We’re working at every aspect to improve quality of life and safety.” – Tom Alexander Alderman Harry Osterman (48th Ward) said he supported the ordinance because sections of his ward struggle with minor crimes that he said can lead to bigger community issues. Osterman’s ward is composed of Andersonville, Edgewater and parts of the Uptown neighborhood. “A lot of those problems happen in areas that have gang violence, and a lot of the people that are out there drinking and gambling are a part of the gang, whether they’re buying dope from the gangs or are active members,” Osterman said. “If those people are out doing those things and they don’t pay their fine the way they’re supposed to if they get a citation, then using the threat of locking them up is something we should do.” email@example.com
Continued from PG. 37
The project, which is still in the design phase, will feature expanded green space for community gatherings as well as intimate concert venues and sidewalk space for café tables, according to Doug Pettay, senior project manager at Terry Guen Design Associates, the landscape architect CDOT hired to design the plaza. McDonough Associates, a civil development group, will also contribute to the design, according to Pettay.
One performance space will feature a stage equipped with electrical outlets for shows, and the other will have a lowered seating area facing center stage, Attarian said. Large planters and green space will surround the performance centers to help soak up rainwater, she said. CDOT conceived the plan in 2011 by hosting public meetings with community members and local arts organizations who voiced the needs of the community. The discussions continued into 2012, Attarian said, adding that CDOT stressed the importance of community support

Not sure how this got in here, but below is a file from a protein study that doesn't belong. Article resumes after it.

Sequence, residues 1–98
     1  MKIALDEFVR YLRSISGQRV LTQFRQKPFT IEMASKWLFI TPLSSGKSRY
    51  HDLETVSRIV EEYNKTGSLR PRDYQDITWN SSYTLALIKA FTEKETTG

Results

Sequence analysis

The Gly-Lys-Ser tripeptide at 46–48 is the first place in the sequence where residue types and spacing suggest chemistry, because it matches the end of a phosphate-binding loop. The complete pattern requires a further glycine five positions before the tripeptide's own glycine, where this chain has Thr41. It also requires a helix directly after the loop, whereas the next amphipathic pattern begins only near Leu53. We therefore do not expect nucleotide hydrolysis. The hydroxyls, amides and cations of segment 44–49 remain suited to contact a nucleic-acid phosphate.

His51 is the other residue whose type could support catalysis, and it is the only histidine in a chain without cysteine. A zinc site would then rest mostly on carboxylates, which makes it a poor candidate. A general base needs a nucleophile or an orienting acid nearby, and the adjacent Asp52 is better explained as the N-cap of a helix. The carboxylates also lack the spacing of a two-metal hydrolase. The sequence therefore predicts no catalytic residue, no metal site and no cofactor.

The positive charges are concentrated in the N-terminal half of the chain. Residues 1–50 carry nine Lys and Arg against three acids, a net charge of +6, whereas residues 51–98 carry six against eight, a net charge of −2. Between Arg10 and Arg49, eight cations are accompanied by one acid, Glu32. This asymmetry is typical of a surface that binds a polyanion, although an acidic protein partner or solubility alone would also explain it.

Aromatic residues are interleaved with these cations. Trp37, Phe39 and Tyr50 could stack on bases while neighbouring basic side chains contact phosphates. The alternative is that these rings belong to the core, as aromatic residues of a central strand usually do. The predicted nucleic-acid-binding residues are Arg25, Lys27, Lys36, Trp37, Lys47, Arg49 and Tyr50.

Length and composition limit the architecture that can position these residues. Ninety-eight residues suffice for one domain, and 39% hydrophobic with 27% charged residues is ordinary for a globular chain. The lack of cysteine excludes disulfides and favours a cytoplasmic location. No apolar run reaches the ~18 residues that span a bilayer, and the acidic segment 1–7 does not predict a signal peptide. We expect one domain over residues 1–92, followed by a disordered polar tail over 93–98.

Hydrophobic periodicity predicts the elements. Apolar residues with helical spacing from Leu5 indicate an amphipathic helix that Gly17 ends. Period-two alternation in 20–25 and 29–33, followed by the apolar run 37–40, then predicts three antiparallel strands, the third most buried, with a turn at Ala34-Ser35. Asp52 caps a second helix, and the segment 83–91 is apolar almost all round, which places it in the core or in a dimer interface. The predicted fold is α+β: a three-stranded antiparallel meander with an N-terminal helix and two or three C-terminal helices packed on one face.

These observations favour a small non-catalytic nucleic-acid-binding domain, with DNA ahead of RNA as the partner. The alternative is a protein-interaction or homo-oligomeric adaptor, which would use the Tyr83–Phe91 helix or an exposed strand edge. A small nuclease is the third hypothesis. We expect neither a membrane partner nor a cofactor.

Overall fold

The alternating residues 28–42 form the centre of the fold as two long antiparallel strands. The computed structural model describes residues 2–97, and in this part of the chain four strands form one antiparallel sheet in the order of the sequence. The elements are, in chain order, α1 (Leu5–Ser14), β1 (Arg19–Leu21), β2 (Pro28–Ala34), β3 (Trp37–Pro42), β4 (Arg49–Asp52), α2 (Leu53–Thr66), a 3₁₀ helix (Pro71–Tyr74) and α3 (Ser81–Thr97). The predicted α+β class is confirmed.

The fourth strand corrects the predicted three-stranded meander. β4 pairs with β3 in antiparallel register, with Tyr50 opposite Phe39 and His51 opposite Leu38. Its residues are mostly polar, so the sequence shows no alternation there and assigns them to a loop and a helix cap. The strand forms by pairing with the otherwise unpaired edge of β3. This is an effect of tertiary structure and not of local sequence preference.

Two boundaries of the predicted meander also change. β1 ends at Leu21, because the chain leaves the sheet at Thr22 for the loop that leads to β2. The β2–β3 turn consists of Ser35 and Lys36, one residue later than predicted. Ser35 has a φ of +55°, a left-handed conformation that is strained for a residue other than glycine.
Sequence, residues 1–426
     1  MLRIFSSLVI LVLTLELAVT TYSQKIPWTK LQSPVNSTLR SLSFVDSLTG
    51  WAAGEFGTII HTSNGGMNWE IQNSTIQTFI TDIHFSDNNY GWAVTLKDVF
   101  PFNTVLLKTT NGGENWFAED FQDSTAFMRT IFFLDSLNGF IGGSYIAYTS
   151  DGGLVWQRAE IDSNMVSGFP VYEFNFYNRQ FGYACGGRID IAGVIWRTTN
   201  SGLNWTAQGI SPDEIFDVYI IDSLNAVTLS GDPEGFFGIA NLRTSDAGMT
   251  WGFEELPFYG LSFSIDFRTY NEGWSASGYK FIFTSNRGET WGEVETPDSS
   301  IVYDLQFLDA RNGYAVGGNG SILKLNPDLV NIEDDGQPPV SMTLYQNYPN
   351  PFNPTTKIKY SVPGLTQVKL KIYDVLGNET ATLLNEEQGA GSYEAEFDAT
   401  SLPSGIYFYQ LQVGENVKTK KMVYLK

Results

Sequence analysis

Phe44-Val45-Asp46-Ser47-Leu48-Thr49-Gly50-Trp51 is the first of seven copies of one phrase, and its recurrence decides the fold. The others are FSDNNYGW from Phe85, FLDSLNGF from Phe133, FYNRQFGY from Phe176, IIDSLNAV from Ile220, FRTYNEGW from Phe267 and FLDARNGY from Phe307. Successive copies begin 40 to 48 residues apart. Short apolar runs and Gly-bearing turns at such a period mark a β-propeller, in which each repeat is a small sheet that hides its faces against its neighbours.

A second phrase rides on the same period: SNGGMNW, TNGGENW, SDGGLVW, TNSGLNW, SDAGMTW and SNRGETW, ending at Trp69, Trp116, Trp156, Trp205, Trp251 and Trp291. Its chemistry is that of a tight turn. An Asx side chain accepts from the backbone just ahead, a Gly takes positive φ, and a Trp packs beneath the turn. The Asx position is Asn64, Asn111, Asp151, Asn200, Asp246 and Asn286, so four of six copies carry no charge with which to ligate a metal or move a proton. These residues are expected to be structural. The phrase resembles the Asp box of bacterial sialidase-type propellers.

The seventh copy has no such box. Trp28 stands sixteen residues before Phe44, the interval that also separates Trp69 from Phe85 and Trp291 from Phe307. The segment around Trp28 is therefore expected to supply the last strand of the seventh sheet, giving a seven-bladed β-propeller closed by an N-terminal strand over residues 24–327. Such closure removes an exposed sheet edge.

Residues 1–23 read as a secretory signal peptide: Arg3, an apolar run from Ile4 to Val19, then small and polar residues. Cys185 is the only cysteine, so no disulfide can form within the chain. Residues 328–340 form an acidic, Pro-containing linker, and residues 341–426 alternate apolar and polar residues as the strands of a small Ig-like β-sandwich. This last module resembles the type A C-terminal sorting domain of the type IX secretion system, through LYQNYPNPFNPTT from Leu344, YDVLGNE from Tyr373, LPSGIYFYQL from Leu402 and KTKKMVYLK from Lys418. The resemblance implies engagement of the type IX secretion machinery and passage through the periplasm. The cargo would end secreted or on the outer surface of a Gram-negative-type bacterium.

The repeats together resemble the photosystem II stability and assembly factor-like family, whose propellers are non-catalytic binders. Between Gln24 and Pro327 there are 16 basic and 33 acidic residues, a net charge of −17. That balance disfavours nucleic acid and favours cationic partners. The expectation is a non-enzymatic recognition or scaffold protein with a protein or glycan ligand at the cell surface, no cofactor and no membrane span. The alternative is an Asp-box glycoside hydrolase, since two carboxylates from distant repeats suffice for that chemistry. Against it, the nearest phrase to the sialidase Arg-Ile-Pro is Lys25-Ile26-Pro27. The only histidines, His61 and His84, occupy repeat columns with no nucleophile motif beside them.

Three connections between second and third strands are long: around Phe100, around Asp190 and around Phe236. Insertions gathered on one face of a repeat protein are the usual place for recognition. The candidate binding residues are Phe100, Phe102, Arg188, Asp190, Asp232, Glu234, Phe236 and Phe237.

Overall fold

during the meetings. “We all know you can build a lot of beautiful things, but if nobody wants to take it on as part of their community, then it’s not going to become everything it can become,” Attarian said. The project will not only improve water drainage but also traffic flow, according to Attarian. With the expansion of the plaza, a thoroughfare of Woodard Avenue that cuts into the plaza between Kimball and Milwaukee avenues will be eliminated, creating additional space for the plaza’s expansion, Attarian said. “There was no business or residence being served along that part of Woodard,” Attarian said. “It really wasn’t needed from a traffic perspective. It makes the traffic more complicated, and it was a great opportunity then to have a larger land area.” O’Brien said traffic goes in circles trying to leave the intersection, and the small stretch of Woodard being removed creates traffic hazards. He added that he is eager to see some needed green space in the area. “My hope is that it’s utilized frequently, which I think can happen because of the community support and all the arts organizations in this area,” O’Brien said. “It’s already a sort of community hub, but I think this will help boost the area even more.”
Courtesy CHICAGO DEPARTMENT OF TRANSPORTATION
BIG SOUND FOR A SMALL PRICE $10 Student Tickets CSO.ORG/STUDENTS
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The CSO Student Ticket Program is generously sponsored by:
Artists, prices and programs subject to change.
40 • April 15, 2013
April 15, 2013 • 41 METRO
James Foster THE CHRONICLE
Father Jim Hoffman of the Franciscan Order of St. Peter’s signs a petition to encourage immigration reform April 11 at the Holy Name Cathedral, 735 S. State St. “We need to become a more hospitable nation,” Hoffman said. The United States Conference of Catholic Bishops and the Archdiocese of Chicago launched a campaign called “Together As Brothers and Sisters” in partnership with the Office of Immigrant Affairs and Immigrant Education to promote immigration reform law in the U.S. IN OTHER NEWS